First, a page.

Suzanne Vega

Suzanne Vega returns to her roots

Singer-songwriter whose career was born in Greenwich Village returns to headline Bringing It All Back Home to Washington Square

Suzanne Vega – whose career began in Greenwich Village in the new folk revival of the 1980s – is to headline Bringing It All Back Home to Washington Square, the free concert in Washington Square Park which is the focal point of The Village Trip.

Also on the bill are Martha Redbone, whose singing is an exhilarating fusion of R&B, soul and Native American influences, and VickiKristrinaBarcelona, the three-part harmony trio of songwriters and multi-instrumentalists comprising Rachelle Garniez, Amanda Homi and Terry Radigan who together “reimagine” the Tom Waits songbook.

The concert, on the afternoon of Saturday September 29, is a tribute to the legendary and influential music heritage of Greenwich Village.

Suzanne VegaSuzanne Vega was working as a receptionist in a publisher’s office when she ventured downtown with her guitar to join The Songwriters’ Exchange which included such figures as Rod MacDonald and David Massengill and which coalesced around the Cornelia Street Cafe – a partner in The Village Trip. Soon she was playing at such fabled venues as Gerde’s Folk City and the Bottom Line and, in 1985, she released her self-titled debut album, which featured “Marlene On the Wall”, a UK hit which Rolling Stone would include among its “100 Greatest Recordings of the 1980s.” It was Vega’s second album, Solitude Standing, which charted at #2 in Britain and #11 in the US, that made her a global success, garlanded with three Grammys and a platinum disc. It included “Luka,” perhaps the only hit song written from the perspective of an abused boy.

Said Vega:

“I am happy to be doing this show in Greenwich Village, where I spent a lot of time in the eighties. I first ventured down to Folk City afraid to cross the threshold because I knew Bob Dylan had started there. But I was thrilled to be accepted by the gang of poetic songwriters I found. And it’s always good to be back.”

Martha RedboneMartha Redbone, who grew up in the Appalachian mountains of Kentucky, came to prominence at the 2002 Native American Music Awards with her debut album Home of the Brave. She has since recorded three more albums, including The Garden of Love: Songs of William Blake. With her partner and musical collaborator Aaron Whitby, she has spent the last couple of years creating Bone Hill, a musical theater piece based on her Kentucky mining family’s history and heritage, a project supported by a grant from the New England Foundation for the Arts. Redbone said:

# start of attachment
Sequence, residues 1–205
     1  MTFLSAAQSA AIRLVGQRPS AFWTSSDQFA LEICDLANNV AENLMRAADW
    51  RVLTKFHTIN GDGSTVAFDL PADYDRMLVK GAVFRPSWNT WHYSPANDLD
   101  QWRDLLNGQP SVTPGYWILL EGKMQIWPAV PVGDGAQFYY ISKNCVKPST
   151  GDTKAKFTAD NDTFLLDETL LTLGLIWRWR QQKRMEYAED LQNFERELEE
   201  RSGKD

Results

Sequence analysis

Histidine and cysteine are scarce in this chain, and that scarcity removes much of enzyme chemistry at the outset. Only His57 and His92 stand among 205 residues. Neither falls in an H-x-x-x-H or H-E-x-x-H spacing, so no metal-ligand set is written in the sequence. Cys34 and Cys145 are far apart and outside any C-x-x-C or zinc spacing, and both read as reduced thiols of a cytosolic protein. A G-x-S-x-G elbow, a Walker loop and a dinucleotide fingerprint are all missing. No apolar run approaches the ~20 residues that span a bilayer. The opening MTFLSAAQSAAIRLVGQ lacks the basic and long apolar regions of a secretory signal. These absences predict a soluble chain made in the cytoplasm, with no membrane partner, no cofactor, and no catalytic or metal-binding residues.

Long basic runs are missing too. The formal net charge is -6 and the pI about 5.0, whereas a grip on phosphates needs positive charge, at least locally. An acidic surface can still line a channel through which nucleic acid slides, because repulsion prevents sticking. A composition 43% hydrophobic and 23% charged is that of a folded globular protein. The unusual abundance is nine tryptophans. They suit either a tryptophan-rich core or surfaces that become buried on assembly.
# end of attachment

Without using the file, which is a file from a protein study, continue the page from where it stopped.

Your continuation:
“I’m thrilled to be in the company of wonderful artists participating in this event. I spent my teenage years hanging out in Washington Square Park in the eighties.

“Though it wasn’t in its heyday, there were many remnants of the times before, and the spirit of Dylan, Joan Baez, Peter LaFarge, Pete Seeger, David Amram and many more permeate the downtown NYC area, leaving an aura of radical thought, freedom of expression and vibrant music echoing every decade that followed. This music was also a huge inspiration sparking our Roots Project honoring such folk music and also the music of my childhood in Harlan County, Kentucky.”

VickiKristinaBarcelonaSpeaking with one voice, VickiKristinaBarcelona observed:

“The songs of Tom Waits are characters in a story. They roam around town converging on the corner of Poetry and Groove where the ghosts of Village Beatniks gather in the wee hours. Each member a  veteran of Greenwich Village’s music scene, VickiKristinaBarcelona band reimagines the Waits songbook via three-part harmony and a treasure trove of instruments, keeping the spirit of playful creativity alive in the ever-changing landscape of the legendary neighborhood.”

FREE Concert in Washington Square Park

Bringing It All Back Home to Washington Square – a live concert in the shadow of the Arch in celebration of the legendary and influential music heritage of Greenwich Village

September 29, Garibaldi Plaza, at 5.30pm